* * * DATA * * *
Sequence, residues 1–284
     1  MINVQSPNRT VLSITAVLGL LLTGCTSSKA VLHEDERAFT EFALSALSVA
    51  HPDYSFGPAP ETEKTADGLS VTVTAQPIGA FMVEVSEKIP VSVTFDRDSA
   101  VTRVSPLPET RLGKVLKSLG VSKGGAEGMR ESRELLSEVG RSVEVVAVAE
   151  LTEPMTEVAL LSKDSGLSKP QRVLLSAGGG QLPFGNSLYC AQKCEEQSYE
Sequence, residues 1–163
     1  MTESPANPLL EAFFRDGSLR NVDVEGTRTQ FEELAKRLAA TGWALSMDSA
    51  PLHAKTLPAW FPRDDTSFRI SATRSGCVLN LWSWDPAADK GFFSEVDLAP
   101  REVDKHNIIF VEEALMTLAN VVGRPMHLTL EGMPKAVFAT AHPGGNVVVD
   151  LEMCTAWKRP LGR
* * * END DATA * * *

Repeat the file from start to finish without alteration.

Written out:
Sequence, residues 1–284
     1  MINVQSPNRT VLSITAVLGL LLTGCTSSKA VLHEDERAFT EFALSALSVA
    51  HPDYSFGPAP ETEKTADGLS VTVTAQPIGA FMVEVSEKIP VSVTFDRDSA
   101  VTRVSPLPET RLGKVLKSLG VSKGGAEGMR ESRELLSEVG RSVEVVAVAE
   151  LTEPMTEVAL LSKDSGLSKP QRVLLSAGGG QLPFGNSLYC AQKCEEQSYE
Sequence, residues 1–163
     1  MTESPANPLL EAFFRDGSLR NVDVEGTRTQ FEELAKRLAA TGWALSMDSA
    51  PLHAKTLPAW FPRDDTSFRI SATRSGCVLN LWSWDPAADK GFFSEVDLAP
   101  REVDKHNIIF VEEALMTLAN VVGRPMHLTL EGMPKAVFAT AHPGGNVVVD
   151  LEMCTAWKRP LGR